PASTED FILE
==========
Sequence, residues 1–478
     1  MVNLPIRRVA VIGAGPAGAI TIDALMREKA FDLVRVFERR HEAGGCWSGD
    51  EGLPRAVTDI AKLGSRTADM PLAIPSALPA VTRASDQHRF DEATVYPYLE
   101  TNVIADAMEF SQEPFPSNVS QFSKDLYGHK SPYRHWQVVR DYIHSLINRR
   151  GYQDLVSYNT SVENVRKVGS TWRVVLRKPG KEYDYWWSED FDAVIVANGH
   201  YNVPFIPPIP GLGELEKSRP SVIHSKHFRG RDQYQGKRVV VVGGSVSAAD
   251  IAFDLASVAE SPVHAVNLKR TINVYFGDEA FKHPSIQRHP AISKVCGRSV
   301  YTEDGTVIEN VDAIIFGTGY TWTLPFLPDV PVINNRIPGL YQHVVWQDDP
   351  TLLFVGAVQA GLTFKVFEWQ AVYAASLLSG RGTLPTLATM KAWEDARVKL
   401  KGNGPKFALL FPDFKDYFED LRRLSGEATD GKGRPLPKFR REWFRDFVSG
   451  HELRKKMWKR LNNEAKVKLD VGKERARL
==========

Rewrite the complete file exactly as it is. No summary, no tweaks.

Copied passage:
Sequence, residues 1–478
     1  MVNLPIRRVA VIGAGPAGAI TIDALMREKA FDLVRVFERR HEAGGCWSGD
    51  EGLPRAVTDI AKLGSRTADM PLAIPSALPA VTRASDQHRF DEATVYPYLE
   101  TNVIADAMEF SQEPFPSNVS QFSKDLYGHK SPYRHWQVVR DYIHSLINRR
   151  GYQDLVSYNT SVENVRKVGS TWRVVLRKPG KEYDYWWSED FDAVIVANGH
   201  YNVPFIPPIP GLGELEKSRP SVIHSKHFRG RDQYQGKRVV VVGGSVSAAD
   251  IAFDLASVAE SPVHAVNLKR TINVYFGDEA FKHPSIQRHP AISKVCGRSV
   301  YTEDGTVIEN VDAIIFGTGY TWTLPFLPDV PVINNRIPGL YQHVVWQDDP
   351  TLLFVGAVQA GLTFKVFEWQ AVYAASLLSG RGTLPTLATM KAWEDARVKL
   401  KGNGPKFALL FPDFKDYFED LRRLSGEATD GKGRPLPKFR REWFRDFVSG
   451  HELRKKMWKR LNNEAKVKLD VGKERARL